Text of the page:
According to the Strategy Manager of AS Silikaat and Silikaat Group, Anne-Mari Lehtla, development is teamwork. “Someone has an idea, but everyone is involved. The Sales Department tests whether the idea could have a market, engineers make sure that the product can be made with high-quality and the Accounting Department calculates whether the development expenses are reasonable. Everything is synergistic. Consideration and calculation ensures that the product is developed with reasonable prices and the decisions are economically reasonable.”
Upcoming investments for Silikaat will be to update mining equipment, purchasing in the coming years a new sand pump and sand sieve. Also a new dry sand workshop is being designed. As Silikaat’s aim is to make a truly high-quality Estonian product, they use the best practices of the engineers and scientists of Russia, Poland, Germany and Ukraine. “Knowledge is one thing, but the courage to put it into practice is another,” Koll and Lehtla emphasise.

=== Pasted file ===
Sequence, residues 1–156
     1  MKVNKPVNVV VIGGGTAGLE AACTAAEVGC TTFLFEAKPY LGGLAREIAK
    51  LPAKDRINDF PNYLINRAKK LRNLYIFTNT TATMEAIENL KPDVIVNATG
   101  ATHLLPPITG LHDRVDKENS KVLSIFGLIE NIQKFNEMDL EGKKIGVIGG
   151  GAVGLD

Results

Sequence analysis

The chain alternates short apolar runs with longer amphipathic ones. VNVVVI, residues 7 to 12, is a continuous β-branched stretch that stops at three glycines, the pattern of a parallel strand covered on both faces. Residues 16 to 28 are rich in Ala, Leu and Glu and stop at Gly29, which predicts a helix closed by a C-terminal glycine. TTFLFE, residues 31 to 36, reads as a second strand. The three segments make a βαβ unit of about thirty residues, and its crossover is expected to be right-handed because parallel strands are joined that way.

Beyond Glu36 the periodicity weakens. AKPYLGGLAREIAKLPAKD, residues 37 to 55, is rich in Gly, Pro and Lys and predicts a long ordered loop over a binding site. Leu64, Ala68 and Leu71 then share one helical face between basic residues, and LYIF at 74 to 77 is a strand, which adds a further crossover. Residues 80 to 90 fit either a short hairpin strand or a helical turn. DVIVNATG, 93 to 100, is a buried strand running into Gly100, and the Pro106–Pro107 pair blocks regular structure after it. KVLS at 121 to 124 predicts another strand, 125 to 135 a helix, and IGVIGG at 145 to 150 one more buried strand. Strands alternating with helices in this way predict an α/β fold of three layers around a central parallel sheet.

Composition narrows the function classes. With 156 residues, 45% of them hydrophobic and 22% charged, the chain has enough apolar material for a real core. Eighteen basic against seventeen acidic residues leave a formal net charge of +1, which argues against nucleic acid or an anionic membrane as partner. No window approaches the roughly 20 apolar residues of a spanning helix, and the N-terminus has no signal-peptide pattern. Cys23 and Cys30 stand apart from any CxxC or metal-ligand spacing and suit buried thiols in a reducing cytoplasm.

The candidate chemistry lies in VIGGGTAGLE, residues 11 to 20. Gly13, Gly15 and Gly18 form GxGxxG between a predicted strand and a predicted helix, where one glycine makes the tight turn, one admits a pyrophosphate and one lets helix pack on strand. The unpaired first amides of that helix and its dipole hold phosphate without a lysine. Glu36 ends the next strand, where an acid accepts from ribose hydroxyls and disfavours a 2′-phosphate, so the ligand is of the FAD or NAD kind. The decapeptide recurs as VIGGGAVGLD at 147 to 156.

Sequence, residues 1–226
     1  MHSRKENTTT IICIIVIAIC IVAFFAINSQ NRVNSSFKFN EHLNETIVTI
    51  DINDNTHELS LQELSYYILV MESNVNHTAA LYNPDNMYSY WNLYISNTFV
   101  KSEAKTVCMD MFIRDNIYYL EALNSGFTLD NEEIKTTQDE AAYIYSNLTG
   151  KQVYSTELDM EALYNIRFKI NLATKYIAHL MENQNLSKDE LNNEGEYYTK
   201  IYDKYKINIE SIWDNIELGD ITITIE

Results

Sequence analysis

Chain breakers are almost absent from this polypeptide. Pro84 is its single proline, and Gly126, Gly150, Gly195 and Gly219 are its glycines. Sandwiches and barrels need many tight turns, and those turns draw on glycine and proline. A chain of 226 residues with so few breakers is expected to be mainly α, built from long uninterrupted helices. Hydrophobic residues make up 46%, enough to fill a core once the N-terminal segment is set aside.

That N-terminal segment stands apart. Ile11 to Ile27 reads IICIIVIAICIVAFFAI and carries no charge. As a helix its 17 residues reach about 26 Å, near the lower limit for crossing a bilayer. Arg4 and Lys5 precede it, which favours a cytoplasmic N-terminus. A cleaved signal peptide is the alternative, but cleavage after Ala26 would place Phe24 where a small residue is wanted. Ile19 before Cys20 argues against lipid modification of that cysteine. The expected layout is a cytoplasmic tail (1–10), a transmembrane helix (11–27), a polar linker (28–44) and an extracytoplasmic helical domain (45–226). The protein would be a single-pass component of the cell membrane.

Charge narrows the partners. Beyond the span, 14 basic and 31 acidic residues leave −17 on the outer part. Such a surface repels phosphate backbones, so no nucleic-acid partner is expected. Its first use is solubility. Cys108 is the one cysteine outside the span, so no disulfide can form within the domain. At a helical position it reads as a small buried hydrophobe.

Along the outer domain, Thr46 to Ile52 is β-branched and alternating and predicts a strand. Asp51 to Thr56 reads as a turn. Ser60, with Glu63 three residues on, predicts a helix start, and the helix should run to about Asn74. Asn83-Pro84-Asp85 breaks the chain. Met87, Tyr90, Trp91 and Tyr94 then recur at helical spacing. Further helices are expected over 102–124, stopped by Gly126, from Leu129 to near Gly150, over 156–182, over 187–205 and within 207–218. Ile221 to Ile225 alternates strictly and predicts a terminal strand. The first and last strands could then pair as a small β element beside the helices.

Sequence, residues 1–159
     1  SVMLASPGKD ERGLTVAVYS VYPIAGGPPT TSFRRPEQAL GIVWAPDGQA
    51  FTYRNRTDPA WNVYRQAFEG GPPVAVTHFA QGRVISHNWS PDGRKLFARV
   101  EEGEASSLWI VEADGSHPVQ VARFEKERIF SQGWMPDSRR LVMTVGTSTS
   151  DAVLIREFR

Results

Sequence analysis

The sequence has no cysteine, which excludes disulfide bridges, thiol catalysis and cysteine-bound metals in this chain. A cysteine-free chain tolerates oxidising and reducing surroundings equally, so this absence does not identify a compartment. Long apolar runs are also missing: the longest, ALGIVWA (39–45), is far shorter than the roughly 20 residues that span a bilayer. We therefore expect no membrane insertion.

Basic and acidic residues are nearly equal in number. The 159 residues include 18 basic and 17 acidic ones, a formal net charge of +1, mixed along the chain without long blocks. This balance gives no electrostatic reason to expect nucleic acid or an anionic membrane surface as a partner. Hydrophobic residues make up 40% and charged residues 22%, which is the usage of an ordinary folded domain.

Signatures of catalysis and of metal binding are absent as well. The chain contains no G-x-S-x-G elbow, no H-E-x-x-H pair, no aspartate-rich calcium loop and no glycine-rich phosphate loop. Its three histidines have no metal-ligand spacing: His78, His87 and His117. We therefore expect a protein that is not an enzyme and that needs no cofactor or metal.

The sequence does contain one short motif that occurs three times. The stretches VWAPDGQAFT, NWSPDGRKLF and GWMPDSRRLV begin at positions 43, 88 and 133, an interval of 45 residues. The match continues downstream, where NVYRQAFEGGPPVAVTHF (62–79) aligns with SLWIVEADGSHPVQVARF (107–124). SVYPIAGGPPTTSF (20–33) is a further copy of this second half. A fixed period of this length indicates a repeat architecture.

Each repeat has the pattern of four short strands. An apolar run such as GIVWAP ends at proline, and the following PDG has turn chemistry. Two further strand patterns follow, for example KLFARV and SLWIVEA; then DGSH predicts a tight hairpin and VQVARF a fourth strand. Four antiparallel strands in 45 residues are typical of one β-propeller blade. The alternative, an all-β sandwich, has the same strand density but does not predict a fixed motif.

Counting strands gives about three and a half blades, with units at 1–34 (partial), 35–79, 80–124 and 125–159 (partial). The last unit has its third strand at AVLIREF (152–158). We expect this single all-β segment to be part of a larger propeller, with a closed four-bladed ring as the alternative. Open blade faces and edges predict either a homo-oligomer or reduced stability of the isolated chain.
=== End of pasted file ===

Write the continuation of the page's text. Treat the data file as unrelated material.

Soundproof wall blocks
As a new product, Silikaat launched the innovative silicate block 120 Slim (measurements 300x120x192), which is mainly designed for building strong and soundproof partitions. The advantage of this silicate block is its economy, expressed by high sound insulation while having compact measurements. This helps the developer gain more surface area for the rooms, whole ensuring a high-quality result for the resident, as light blocks with similar strength and sound insulation and significantly larger, thereby reducing the area of the rooms. Also, silicate blocks not need to be cast full with concrete, nor do their vertical joints need to be filled, which helps to save on working hours and materials.